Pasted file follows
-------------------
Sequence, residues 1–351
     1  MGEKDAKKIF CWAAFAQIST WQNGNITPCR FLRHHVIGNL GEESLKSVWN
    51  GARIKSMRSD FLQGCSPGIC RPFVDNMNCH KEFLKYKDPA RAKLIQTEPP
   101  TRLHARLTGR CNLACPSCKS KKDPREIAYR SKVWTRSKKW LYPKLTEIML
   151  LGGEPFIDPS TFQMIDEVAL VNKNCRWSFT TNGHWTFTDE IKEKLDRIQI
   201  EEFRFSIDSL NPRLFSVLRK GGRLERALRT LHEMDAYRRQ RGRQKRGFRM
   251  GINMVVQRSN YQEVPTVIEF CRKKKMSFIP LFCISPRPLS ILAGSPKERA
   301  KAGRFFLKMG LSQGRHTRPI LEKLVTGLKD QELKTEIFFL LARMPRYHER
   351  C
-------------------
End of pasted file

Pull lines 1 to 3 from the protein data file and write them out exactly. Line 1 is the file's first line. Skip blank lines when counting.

Sequence, residues 1–351
     1  MGEKDAKKIF CWAAFAQIST WQNGNITPCR FLRHHVIGNL GEESLKSVWN
    51  GARIKSMRSD FLQGCSPGIC RPFVDNMNCH KEFLKYKDPA RAKLIQTEPP